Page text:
Monday , February 6 2023

Information Literacy in Serbia: Initiatives and Strategies

Gordana Stokić SIMONČIĆ
Library and Information Science Department, Faculty of Philology, Belgrade University
Studentski trg 3, Belgrade 11000, Republic of Serbia

Faculty of Pedagogy, Novi Sad University
Podgoricka 4, Sombor 25000, Republic of Serbia

Abstract: The general aspiration towards joining the European Union and creating the knowledge society in Serbia involve significant challenges for the Country. One of the most demanding changes that Serbian libraries will be facing consists of implementing information literacy (IL), i.e. citizens that are prepared for lifelong learning in a world that is overloaded with information of all sorts. The essential premise of this paper lies with two convictions of the authors: that, on the one hand, libraries are a natural environment for the development of information literacy, and on the other, information literacy must contribute to the citizens’ quality of living. The paper will offer a general overview of the current status of IL in Serbia, the actors in the IL process, the programs, the initiatives, and, above all, what the role of libraries in this endeavor is.

Keywords: Information literacy, knowledge society, library’s mission, libraries in Serbia, information literacy in Serbia.

>>Full text
Gordana Stokić SIMONČIĆ, Zeljko VUČKOVIĆ, Information Literacy in Serbia: Initiatives and Strategies, Studies in Informatics and Control, ISSN 1220-1766, vol. 19 (2), pp. 177-184, 2010.

1. Introduction

Many dilemmas and misunderstandings follow the idea and practice of information literacy which we could justly describe as myths of information literacy. The most widespread include: 1) information literacy is predominantly a technological, not a social or educational phenomenon, 2) information literacy develops on its own, with the spread of information and communications technologies in everyday life, 3) information literacy matters only in formal educational institutions, i.e. school system, and 4) there is a fundamental, qualitative difference between traditional education of users in libraries and information literacy.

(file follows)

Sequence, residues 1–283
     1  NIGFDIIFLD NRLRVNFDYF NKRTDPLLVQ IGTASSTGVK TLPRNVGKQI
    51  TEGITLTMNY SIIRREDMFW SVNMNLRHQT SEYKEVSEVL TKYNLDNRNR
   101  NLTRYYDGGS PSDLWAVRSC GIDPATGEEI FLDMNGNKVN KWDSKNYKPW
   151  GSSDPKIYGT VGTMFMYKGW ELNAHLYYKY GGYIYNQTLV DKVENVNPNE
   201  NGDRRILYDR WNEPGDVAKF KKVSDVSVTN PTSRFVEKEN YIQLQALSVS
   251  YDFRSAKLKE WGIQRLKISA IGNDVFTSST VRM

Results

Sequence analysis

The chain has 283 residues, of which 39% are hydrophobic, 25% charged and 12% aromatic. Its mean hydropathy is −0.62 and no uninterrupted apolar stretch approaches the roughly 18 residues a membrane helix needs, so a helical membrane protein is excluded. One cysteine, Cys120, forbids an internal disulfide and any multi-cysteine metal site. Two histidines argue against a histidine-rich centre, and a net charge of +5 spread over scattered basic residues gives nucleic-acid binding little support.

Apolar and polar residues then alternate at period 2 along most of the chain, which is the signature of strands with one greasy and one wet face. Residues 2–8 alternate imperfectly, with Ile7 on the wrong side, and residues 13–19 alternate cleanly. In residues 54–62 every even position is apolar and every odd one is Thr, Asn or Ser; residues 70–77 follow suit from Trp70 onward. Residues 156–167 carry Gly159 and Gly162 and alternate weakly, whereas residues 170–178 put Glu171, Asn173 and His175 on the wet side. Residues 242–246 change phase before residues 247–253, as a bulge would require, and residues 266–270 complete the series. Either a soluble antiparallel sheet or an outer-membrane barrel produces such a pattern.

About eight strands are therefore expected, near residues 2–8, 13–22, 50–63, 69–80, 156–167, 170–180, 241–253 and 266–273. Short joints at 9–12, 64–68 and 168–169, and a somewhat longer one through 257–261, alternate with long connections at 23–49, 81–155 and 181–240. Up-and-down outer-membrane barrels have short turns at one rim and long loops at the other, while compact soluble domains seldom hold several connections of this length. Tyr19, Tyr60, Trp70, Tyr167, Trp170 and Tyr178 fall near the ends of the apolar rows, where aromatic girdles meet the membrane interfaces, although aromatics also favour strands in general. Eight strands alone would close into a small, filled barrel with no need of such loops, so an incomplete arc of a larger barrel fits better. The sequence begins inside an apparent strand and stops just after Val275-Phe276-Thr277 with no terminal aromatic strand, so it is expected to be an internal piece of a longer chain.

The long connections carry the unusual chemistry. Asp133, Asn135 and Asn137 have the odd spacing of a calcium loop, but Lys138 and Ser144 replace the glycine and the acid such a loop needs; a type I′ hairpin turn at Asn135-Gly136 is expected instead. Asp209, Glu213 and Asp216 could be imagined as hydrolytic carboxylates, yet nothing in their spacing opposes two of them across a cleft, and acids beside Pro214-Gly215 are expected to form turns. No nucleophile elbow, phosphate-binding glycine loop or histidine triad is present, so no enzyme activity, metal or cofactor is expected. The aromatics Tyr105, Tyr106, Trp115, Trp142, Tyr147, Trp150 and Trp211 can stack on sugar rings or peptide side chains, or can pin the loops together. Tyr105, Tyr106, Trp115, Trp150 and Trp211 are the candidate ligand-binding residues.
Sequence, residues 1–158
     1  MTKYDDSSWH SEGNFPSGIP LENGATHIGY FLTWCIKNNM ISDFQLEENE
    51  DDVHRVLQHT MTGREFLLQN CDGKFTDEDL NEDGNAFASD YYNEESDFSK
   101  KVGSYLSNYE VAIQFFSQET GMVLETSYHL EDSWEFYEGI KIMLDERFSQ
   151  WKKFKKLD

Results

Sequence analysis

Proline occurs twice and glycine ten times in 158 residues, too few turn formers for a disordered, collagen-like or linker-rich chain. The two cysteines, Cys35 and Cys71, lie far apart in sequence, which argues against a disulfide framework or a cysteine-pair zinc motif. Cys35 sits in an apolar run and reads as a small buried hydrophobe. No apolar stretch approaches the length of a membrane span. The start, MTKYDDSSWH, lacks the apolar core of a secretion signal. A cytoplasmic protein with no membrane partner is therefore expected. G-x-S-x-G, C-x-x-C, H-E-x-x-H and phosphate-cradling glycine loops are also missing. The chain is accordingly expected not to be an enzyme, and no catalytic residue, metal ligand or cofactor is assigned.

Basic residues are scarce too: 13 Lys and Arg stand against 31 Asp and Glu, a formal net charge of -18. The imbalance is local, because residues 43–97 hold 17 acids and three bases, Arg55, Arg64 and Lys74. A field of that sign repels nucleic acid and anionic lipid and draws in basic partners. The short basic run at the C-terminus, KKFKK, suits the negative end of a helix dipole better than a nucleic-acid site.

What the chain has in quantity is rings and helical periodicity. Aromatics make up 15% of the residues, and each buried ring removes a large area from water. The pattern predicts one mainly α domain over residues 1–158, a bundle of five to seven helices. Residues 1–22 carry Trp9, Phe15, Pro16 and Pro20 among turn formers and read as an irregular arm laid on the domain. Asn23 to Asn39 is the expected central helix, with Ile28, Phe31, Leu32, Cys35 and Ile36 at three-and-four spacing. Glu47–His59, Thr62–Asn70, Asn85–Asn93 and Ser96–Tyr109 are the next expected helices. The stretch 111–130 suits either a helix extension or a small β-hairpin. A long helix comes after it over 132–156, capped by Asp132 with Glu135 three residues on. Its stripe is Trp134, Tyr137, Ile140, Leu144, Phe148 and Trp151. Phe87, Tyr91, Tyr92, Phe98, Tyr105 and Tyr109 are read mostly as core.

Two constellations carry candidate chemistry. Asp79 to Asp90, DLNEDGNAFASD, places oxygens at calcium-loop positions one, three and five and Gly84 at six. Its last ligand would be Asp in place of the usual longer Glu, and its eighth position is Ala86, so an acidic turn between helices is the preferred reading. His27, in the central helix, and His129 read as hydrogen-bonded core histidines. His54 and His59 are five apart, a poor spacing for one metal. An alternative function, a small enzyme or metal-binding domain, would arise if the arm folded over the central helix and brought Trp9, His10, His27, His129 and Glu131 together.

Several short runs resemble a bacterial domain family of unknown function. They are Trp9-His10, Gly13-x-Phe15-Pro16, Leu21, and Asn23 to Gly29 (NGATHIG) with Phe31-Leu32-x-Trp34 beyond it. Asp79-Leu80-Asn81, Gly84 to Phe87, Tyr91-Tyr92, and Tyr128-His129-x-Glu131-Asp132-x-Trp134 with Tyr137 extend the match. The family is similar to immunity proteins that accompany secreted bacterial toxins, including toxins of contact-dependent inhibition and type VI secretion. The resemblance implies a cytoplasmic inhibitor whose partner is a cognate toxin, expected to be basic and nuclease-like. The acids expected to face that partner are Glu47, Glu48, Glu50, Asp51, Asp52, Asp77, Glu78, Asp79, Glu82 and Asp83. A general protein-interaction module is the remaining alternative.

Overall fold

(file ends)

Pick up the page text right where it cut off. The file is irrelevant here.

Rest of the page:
On the other pole of these myths stand the authors that justly appeal to the fact that the matter of information literacy is neither easy nor simple, pointing to the numerous paradoxes and aporias of information society. We wallow in information, yet we crave true knowledge. The more new information and communications means are, the less time we spend for speaking to one another and less true communication and sociability we achieve. Contemporary man reads and does research less and less, receiving fulfilment from trivial media and information resources, floating on the surface of things, neglecting the attitude of a researcher and critic of the society in which he lives. Virtual reality appears as a surrogate of real life. In a context like this, libraries must restore their own responsibility and find their place in the information vicious circle.

In Serbia, where the Internet took roots in 1996, which invests slightly over 62 Euro per capita in the development of information technology and in which fewer than two per mill of inhabitants have an ECDL permit, the dilemmas related to information literacy also increase with the uneven development of certain regions, difficulties in restructuring the productive and service sectors, and the slow legal regulation of the still budding and underdeveloped information sector.

This paper will review the basic problems related to the adoption of the information literacy concept in Serbia, and the implications of those issues to Serbian libraries. The essential premise of this paper lies in two convictions of the authors: that, on the one hand, libraries are a natural environment for the development of information literacy, and on the other, information literacy must contribute to the improvement in citizens’ standard of living.


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